Space Mutiny (1988)

Space Mutiny

Directed by David Winters

Written by Maria Dante

Tagline: “There is nowhere to hide from the enemy within!”

Run Time: 93 min

Space Mutiny is a film so completely and absolutely awful that it leaves one breathless. Almost every type of error that can be made while producing a movie can be found in this film. It is an astoundingly sloppy production full of jaw-dropping continuity errors, cheap special effects, and a story that is ludicrous to the extreme.

Regarding the special effects, all space footage in this film is stock footage from none other than old Battlestar Galactica episodes! Since this series was so popular during its time, and the model ships so distinctive, I can only assume that the makers of "Space Mutiny" really didn’t give a damn if people knew the source of the scenes. This atmosphere of disregard for the viewer is probably best represented by the opening scene of the movie: Stock footage of the Battlestar Galactica flying through space, yet they mistakenly play the footage backwards! Incredible! Another example of laziness is a scene in the film where 2 space-pirate ships are blown up: The second exploded ship is merely the same footage of the first exploding ship but they have just flipped the film so that the ship appears on the other side of the screen.

Interior shots of the space ship are filmed in some sort of factory, so it makes it hard to imagine actually being on a space ship when you can easily see that the walls are made of brick! (Not to mention sunlight streaming through the windows!)

Well, before I get even more wound up, let’s just get on with the review, shall we?

The screen is graced with the opening credits which look like they were produced on a Comadore 64. (Please, this is not a jab at Comadore!) As the credits end, we see the opening shot of Battlestar Galactica, oops, I mean the Southern Sun as it flies backwards (!!!) across the screen. As luck would have it, a narrator fills us in on the back story:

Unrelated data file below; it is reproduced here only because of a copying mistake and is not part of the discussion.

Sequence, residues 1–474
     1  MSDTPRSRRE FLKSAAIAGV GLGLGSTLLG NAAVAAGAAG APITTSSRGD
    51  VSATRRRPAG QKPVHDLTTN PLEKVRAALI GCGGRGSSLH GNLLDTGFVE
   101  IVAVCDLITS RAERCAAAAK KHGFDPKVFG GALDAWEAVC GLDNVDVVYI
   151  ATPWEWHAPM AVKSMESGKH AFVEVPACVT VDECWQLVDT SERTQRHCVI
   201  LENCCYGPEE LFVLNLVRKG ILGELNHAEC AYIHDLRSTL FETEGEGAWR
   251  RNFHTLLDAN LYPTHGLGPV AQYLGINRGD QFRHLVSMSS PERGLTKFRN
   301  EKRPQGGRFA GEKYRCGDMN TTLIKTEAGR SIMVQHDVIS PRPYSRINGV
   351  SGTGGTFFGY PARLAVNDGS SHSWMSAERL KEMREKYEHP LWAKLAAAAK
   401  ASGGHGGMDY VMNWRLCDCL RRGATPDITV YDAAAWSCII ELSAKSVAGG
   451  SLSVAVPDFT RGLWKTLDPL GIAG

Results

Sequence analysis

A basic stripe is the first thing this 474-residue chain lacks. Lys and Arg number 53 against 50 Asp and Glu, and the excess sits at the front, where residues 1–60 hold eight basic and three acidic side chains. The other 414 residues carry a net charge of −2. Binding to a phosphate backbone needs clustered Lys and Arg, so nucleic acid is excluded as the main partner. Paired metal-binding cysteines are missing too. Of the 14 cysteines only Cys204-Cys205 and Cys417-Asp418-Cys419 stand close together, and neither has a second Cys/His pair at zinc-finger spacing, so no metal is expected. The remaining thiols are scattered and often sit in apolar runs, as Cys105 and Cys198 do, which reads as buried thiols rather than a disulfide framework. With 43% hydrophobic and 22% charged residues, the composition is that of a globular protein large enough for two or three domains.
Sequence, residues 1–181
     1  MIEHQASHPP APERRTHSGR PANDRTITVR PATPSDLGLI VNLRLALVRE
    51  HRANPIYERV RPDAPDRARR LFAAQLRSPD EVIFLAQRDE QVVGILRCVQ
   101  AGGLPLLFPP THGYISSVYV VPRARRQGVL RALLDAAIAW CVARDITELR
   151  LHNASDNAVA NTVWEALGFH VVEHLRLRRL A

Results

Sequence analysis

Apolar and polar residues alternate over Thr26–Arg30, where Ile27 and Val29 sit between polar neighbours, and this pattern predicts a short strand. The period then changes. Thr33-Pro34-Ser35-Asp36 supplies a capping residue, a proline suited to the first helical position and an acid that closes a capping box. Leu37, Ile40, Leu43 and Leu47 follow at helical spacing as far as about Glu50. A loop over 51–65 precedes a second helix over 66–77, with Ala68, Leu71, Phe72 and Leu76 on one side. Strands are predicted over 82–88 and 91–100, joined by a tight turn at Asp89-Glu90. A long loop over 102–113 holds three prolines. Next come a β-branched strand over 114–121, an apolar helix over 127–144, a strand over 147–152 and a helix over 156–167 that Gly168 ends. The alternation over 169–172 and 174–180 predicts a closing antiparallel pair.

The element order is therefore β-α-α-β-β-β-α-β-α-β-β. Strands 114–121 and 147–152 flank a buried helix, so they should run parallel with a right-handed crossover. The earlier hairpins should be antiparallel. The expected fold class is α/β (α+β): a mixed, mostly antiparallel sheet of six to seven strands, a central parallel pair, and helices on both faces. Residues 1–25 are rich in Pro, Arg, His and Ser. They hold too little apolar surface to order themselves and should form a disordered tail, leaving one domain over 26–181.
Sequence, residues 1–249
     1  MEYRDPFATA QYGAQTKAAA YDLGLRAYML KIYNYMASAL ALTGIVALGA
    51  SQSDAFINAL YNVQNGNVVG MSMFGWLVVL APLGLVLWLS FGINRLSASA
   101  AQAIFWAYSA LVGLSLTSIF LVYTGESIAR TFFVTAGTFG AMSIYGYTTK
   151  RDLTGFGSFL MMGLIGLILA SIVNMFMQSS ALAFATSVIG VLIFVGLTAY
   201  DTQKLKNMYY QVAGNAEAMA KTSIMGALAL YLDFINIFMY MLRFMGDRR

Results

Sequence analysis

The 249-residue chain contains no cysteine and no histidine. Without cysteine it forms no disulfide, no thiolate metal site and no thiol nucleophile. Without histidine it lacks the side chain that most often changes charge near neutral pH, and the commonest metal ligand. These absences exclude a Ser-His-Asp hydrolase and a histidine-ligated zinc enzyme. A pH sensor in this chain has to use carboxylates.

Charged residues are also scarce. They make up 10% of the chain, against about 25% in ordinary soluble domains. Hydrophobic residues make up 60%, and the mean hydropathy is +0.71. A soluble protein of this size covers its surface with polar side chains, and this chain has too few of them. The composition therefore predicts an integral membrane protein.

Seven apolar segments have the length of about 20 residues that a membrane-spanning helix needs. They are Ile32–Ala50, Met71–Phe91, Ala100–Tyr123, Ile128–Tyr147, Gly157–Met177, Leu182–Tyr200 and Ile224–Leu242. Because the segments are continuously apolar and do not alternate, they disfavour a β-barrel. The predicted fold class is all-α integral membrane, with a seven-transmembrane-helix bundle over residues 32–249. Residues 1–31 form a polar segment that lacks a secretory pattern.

"Thirteen generations ago, our overpopulated world built ‘The Southern Sun’. A self-sufficient space ship that would be home to thousands of migrants for the ten light-year journey to a new and uncolonized world. The current descendants have come to accept the Southern Sun as their home and work for a better future for their children. While most of the inhabitants of this generation are content, there are some who have grown restless and impatient."

So let’s see. The world is so overpopulated that they build a gigantic "generation" ship that will take thousands of people to a new world. Would a reduction of thousands of people really make a dent in the overpopulation of a world with billions of inhabitants? It would be like trying to reduce the world’s population by sending off the student body of a local community college.

Space MutinyDuring this narration we see a shot of the bridge, staffed by an awesome crew of about 5 people tapping away at old IBM keyboards. For some strange reason all female crew members wear high-cut blue leotards. Well, it is the future so who knows what could happen.

OK, fine. The ship and its, *ahem*, thousands of inhabitants are flying through space. (But they might want to stop flying backwards if they ever want to reach their destination.) As the narration ends, we see the leader of the "restless and impatient" rebels. (Impatient for what? To reach their destination planet? What the hell can anybody do about that? Drive faster? Stupid movie.) The leader of the rebels and head of security, Elijah Kalgan, (pronounced as ‘calgon’…yes…just like the old ‘Calgon…take me away!’ commercials…) and his bodyguard, a blonde pseudo-buff dude who wears red body armor and not much else, are stomping around in the bowels of the water treatment plant. Ooops. I mean walking around the ship. ‘Tense’ music clues the viewer that these two are Up To No Good. Oh yes, I see now. Kalgan is placing a bomb onto a big something or other, which I can only assume is Something Important. (It looks like an industrial clothes dryer.)

Back on the bridge, the communications officer, Lt. Lemont, receives a call that a damaged ship is being escorted into the Southern Sun’s landing bay. As the pilot of the rescue ship radios in, the crew of the rescues ship are "Balarians" (No, not Bulgarians…). As we find out later in the film, the Balarians are a race of women gifted with telepathic powers and the ability to drive men wild with desire. Or something.

Just a minute. What are the odds of stumbling across a tiny shuttle in the vast expanses of interstellar space? Whatever. I guess the Balarians are important to the story because they do provide a lot of dance scenes (not to mention that they are all pretty hot looking too).